A View from the ArtsBridge with Halley Shefler

The founder and CEO of ArtsBridge talks about how the consulting company connects performing arts students with colleges and educational opportunities.

By Bethany Rickwald Google+ Profile for Bethany Rickwald • Jun 15, 2012 • New York City

Halley Shefler

Halley Shefler

Students in the performing arts face a challenging task when it comes to applying to colleges and universities to pursue their education and arts training. There’s a lot of competition and seemingly few slots.Halley Shefler, the founder and CEO of the consulting company ArtsBridge (formerly known as Arts Edge), seeks to demystify the admissions process and connect students with educational and growth opportunities in the performing arts by helping them to find the school that is their best possible match.

Among its programs is a two-week intensive workshop, which will be held later this summer in New York, running August 5-17 at Chelsea Studios. Past offerings have included a scholarship competition for musical theater students that had as judges Tony Award nominees Chad Kimball and Constantine Maroulis.

Shefler recently spoke with TheaterMania to discuss the origins of ArtsBridge and the unique ways in which the organization helps to guide students.

THEATERMANIA: What made you decide to found ArtsBridge?
HALLEY SHEFLER: I had been head of admissions at the College for the Arts at Boston University and Dean of Admissions at Boston Conservatory, and I was seeing more and more students not getting in. Not only not getting into the conservatory but not getting in anywhere. And it made me realize that there’s something very very wrong here.

People would call me and say why did I not get in? So I would read them their comments. It was basic stuff that really could be fixed, but the preparation wasn’t there.

Then I realized they’re all applying to the same schools. If you have hundreds of thousands of kids applying to the same schools, they’re not going to get in. So I started working with kids to make them realize that there are 4,000 colleges in this country and there are probably about 150 that have decent programs in theater. There is a place for everybody.

TM: How does ArtsBridge connect students to the school and training?
HS: We have them upload their materials. We hide their name and information and then I work with faculty all over the country who tell me where this student is compared to their typical freshman. From that point, we look at grades and scores and I and some faculty I work with come up with a list of schools that I think that the student should consider. There will be schools that may be on the top of the heap and other ones that may not. I’m a big fan right now, for instance, of Shenandoah. But it’s not going to be on people’s lists. So I would say to somebody, “Go visit Shenandoah. Talk to this person that I’ve met there.” Because the schools that ArtsBridge is interested in are those that would love to have a visit from somebody who thinks that, “Hey, we may not have looked at you before but we’re going to look at you now.”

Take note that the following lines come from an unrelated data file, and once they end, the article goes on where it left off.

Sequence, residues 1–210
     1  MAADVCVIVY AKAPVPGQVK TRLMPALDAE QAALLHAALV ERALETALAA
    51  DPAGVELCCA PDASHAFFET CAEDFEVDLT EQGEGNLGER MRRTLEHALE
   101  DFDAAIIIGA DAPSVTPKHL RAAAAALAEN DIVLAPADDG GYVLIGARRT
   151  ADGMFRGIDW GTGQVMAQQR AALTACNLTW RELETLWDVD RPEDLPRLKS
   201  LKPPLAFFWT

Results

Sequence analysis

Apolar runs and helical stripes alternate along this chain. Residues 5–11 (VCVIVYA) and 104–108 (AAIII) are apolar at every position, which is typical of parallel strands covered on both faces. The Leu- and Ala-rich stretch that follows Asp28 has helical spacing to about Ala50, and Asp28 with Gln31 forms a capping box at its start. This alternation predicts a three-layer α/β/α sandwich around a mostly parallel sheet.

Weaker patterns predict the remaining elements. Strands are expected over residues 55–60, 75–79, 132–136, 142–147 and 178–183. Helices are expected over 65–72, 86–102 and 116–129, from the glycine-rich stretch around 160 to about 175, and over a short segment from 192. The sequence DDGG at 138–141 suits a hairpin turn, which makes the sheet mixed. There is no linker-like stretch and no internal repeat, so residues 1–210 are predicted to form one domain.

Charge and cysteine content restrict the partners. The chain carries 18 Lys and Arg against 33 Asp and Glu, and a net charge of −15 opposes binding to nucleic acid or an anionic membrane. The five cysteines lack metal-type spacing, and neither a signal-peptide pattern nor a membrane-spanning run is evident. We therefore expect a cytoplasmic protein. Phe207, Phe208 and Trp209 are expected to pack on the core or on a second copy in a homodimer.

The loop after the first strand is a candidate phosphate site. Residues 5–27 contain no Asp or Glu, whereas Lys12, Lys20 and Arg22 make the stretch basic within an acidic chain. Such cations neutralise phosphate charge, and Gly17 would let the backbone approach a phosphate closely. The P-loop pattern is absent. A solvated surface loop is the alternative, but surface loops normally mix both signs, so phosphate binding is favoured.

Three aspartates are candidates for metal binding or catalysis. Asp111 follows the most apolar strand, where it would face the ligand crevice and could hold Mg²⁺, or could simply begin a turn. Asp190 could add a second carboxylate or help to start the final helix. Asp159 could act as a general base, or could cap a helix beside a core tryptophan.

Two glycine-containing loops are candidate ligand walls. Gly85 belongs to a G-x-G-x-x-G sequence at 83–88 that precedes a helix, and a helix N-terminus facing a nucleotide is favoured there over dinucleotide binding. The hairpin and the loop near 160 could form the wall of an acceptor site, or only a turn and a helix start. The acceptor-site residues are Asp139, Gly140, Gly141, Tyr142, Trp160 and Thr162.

ArtsBridge participants
(Courtesy of ArtsBridge)

ArtsBridge participants
(Courtesy of ArtsBridge)

TM: What are some of your success stories?
HS: My success stories are having somebody come to me with a list of schools like NYU, Boston Conservatory, Carnegie, CCM, and Michigan and I say, “You can apply there if you want, but these are the schools that I think are going to be more appropriate for you right now.”But I don’t get people in anywhere. These kids are doing it for themselves.

TM: Do you stay connected with these kids throughout their experience?
HS: I do. I have a student who’s a former client working in my office with me right now. She went to Montclair and went to the BA program but did not have a successful run with the school, and then we really worked together, and I started to hook her up a little bit with somebody at Shenandoah. And she’s going there in the BFA program, one of 20 kids. She’s somebody who is not your typical blonde hair, blue-eyed girl. She did an audition workshop with us and sang for the faculty and came out of that a little bummed out. But we realized that she was a certain type. She needed to go for that type. And she did and she completely rocked it. That kind of thing means more to me than anything. And she’s going to do great now, I know that.

TM: What do you think is the most important thing to communicate to kids who are starting this process?
HS: Start early. We do this summer program, ArtsBridge Summer. The faculty are the decision makers at the schools. So Amy Rogers from Pace University is the artistic director. And then we have Gary Kline and Ingrid Sonnichsen from Carnegie Mellon. We have Michelle Chasse, who’s head of dance at Boston Conservatory for musical theater. Robin Lewis from Rider and David Krasner from Emerson.

Then on the weekend we have nine additional schools coming to do master classes. And I don’t pay them to come! They come because they know that they want access to these kids.

So I think we’re on to something here. It’s not just about getting into the best program; it’s about getting into the best program for them. I don’t know a whole lot of other people who are doing this now in that way.

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